Skip to main content

Vincenzo Montella: The New Guy


Typically when a new manager is announced, I try to do a writeup about them, who they are, their experience, etc. But it is a task that has simply become too emotionally taxing due to the frequency of changes on the Milan bench. This past year, I was able to find what it took to write a little bio on Mihajlovic, but when Brocchi came, particularly due to the short length of his contract alone, he got the “Don’t let the door hit you on the way out” treatment. So my dilemma now is that Montella was given the requisite “Maybe you’ll last a season, we’ll see” contract length of two years. I should probably write more than I did for Brocchi, but I find it hard to put the same amount of energy into this one as I did for Mihajlovic and his predecessors. So please forgive the result, it’s the best I can do with a heart that has been broken so many times by the new guy.

Not sure if runway or technical area, but welcome, Mister!

Let me start by saying that I loved Montella as a player at Roma. L’aeroplanino (the little airplane) was so named because he was short and his signature celebration was the airplane. Given he is the same height as me and that I also love the airplane celebration, perhaps this appointment will work out after all.

Also, his preferred number as a player was number 9. Not sure if that means he’ll help us solve our number 9 problem, or if he’ll end up going the same road as our recent best number 9, Inzaghi. I mean they both coached youth teams for their clubs for two years, then were thrown into the fire and burned by said clubs. And they played together on the national team, too. Hmmm… maybe not such a good omen.

Inzaghi: "If Milan calls you, DON'T take the call! I repeat, DON'T TAKE THE CALL!"

He has a bizarre penchant for following Mihajlovic around, coaching Catania, Fiorentina, and Sampdoria before now coming to Milan. Ironically, where Mihajlovic succeeded, Montella did not. And vice versa. Wait, that’s not a good omen, either. But he is gradually stepping it up with the crazy owners, so maybe he’s prepared for this megalomaniac driven two-CEO circus. Oh, and Fiorentina changed a lot of players with him at the helm, too. Perhaps he is prepared for this train wreck after all. Or not. Who knows?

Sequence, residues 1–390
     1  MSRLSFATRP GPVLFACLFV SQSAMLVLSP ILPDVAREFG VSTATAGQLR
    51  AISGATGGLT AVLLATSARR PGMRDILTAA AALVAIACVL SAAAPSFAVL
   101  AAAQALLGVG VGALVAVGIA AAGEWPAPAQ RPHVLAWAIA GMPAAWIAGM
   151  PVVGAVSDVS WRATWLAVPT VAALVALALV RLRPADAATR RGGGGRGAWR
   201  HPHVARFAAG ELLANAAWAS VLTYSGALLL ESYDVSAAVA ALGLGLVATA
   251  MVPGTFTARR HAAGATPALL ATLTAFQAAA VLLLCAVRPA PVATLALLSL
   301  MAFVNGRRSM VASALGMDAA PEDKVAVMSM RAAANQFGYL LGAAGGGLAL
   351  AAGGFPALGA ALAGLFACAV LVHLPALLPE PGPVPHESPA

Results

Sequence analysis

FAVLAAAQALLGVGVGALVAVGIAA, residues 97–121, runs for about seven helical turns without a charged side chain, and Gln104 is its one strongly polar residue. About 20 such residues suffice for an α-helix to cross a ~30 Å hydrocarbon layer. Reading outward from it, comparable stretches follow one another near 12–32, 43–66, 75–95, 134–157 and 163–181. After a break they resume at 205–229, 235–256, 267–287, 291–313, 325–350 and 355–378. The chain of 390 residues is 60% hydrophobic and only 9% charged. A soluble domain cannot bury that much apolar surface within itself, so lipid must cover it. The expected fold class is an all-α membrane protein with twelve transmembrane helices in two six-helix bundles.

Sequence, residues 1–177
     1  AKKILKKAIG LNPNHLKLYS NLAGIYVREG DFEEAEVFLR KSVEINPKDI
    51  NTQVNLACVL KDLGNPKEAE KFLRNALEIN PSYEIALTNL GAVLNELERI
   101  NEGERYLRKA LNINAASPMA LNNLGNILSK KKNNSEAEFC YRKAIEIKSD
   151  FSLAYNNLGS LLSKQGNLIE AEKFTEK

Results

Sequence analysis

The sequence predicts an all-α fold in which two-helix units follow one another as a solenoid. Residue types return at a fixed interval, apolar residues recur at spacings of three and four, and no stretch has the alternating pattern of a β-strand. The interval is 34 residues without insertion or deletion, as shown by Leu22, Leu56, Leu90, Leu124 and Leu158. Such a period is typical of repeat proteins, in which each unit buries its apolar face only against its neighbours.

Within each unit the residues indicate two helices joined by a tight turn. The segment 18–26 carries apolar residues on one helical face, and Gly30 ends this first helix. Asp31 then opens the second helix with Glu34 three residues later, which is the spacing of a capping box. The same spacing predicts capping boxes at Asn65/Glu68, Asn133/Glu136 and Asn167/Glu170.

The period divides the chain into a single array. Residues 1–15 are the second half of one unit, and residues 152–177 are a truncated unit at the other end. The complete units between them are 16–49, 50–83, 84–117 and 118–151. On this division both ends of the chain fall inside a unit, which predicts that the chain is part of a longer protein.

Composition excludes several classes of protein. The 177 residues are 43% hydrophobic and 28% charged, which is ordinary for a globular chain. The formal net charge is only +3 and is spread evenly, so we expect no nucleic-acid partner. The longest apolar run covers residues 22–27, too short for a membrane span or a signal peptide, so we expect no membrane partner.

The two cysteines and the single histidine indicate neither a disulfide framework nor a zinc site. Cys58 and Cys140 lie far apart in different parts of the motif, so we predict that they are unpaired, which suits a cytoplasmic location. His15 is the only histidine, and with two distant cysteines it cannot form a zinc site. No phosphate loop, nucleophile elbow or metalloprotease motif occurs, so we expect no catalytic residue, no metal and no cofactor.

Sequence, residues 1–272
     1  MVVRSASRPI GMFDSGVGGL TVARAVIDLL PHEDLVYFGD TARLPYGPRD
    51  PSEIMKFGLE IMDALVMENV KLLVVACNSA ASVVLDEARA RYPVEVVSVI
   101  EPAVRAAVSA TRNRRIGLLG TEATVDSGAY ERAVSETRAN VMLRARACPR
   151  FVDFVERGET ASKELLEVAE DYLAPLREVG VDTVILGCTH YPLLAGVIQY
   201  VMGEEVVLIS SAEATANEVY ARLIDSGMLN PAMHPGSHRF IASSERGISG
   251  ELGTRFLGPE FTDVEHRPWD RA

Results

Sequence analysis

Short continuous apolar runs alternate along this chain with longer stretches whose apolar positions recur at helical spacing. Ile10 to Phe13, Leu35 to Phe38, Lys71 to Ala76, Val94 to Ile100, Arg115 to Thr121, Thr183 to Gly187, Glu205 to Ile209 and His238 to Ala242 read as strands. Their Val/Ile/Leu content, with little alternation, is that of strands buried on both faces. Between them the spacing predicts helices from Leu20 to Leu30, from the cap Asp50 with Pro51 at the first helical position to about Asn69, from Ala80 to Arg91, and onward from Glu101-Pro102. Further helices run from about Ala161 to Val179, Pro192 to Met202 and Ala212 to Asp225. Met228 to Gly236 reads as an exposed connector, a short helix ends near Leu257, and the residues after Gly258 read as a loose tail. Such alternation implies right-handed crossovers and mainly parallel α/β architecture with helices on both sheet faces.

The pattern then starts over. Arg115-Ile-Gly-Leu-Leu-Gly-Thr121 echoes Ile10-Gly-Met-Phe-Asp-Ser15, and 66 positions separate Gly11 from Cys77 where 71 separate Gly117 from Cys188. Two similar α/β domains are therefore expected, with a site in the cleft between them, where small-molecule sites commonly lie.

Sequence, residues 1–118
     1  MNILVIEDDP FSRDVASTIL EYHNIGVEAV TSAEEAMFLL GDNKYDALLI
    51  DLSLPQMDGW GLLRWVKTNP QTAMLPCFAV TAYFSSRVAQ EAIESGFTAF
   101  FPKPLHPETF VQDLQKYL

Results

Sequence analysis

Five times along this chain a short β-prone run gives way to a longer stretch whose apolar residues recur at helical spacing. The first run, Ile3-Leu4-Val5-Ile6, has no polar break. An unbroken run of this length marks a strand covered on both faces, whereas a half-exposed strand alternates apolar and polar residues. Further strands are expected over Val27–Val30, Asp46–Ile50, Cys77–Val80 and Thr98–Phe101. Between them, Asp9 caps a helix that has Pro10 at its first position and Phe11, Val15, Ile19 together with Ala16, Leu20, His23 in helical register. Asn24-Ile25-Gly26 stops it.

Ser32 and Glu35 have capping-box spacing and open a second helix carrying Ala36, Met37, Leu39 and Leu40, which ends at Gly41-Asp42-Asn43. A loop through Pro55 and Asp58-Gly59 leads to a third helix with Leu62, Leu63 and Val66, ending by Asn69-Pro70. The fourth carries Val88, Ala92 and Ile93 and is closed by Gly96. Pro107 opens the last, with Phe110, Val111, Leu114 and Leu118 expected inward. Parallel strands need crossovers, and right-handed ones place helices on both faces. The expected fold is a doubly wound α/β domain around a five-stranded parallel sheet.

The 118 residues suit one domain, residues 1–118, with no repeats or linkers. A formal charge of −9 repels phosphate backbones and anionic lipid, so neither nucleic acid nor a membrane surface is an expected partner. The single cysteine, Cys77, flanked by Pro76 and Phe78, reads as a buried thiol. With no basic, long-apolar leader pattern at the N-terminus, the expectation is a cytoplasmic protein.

The Catania look: complete with red & blue striped sneakers

People are quick to cite his success at Fiorentina, and that is obviously the strength of his credentials. Even more so if you’ve watched a long line of Fiorentina coaches come through, most with much less success. Fiorentina are a bit dysfunctional in their own way, with an owner who dances in the stands devoid of antiperspirant and an uncanny ability to avoid success at all costs. Montella will know that well, as Milan took Fiorentina’s Champions League spot from them on the last day of the season in 2013 via a questionable penalty call against Fiorentina’s regional rivals. So the fact that Montella still signed with Milan means a) he really did grow up a Milanista, b) he wants revenge on the club that stole his glory by taking them down from the inside, or c) he’s forgiven Milan and primarily wanted to be involved with Milan’s charity projects through Fondazione Milan. Or maybe he just needed to get the hell away from Ferrero, who knows?

Maybe Ferrero thought he was signing Montella the player to make a comeback at Sampdoria?

Montella is quite the dandy (dandy is an actual term referring to a man who puts extra  time and effort into his appearance) so will be the best dressed of the recent Milan coaches. If he’s unable to pull any results on the pitch, at least we’ll have that. If he pays as close attention to detail as a manager as he sometimes does to his outfits, with shoes, socks, shoelaces, etc. all coordinated in the club’s colors, then maybe we have a chance of winning something, I don’t know.

I’ve heard people gushing with ideas of what he’ll bring to Milan, who he’ll bring to Milan, and more, but honestly, I can’t offer any opinions with such conviction. He is not as strong of a personality as I’d like (as mentioned on the last podcast,) and he does seem to have a bit of yes-man to him, which is disturbing. Tactically he seems good, but not overwhelming. How he balances the players and management, particularly in the midst of a potential club sale, will likely be the most important key to his success (or failure.) There are so many forces working against him, it’s almost hard to say “Welcome, Montella.” He seems like such a decent guy, and was a hero to me on the pitch, so the prospect of burning another coach is not in the least bit appealing.

I guess being burned by Milan is still better than being burned by Roma... as their 5th highest scoring player

Still, here we are. We needed a coach, he took the job, I wish him the best. His contract starts July 1st, and from that point forward, his days are numbered. Maybe he can speak in Roman dialect and put a fire under that expensive Bertolacci thing we bought last year, who knows? At Milan these days, anything can happen. The only sure thing is that it pretty much sucks to be the new guy.


This post inspired by the music of Liam Lynch’s “United States of Whatever”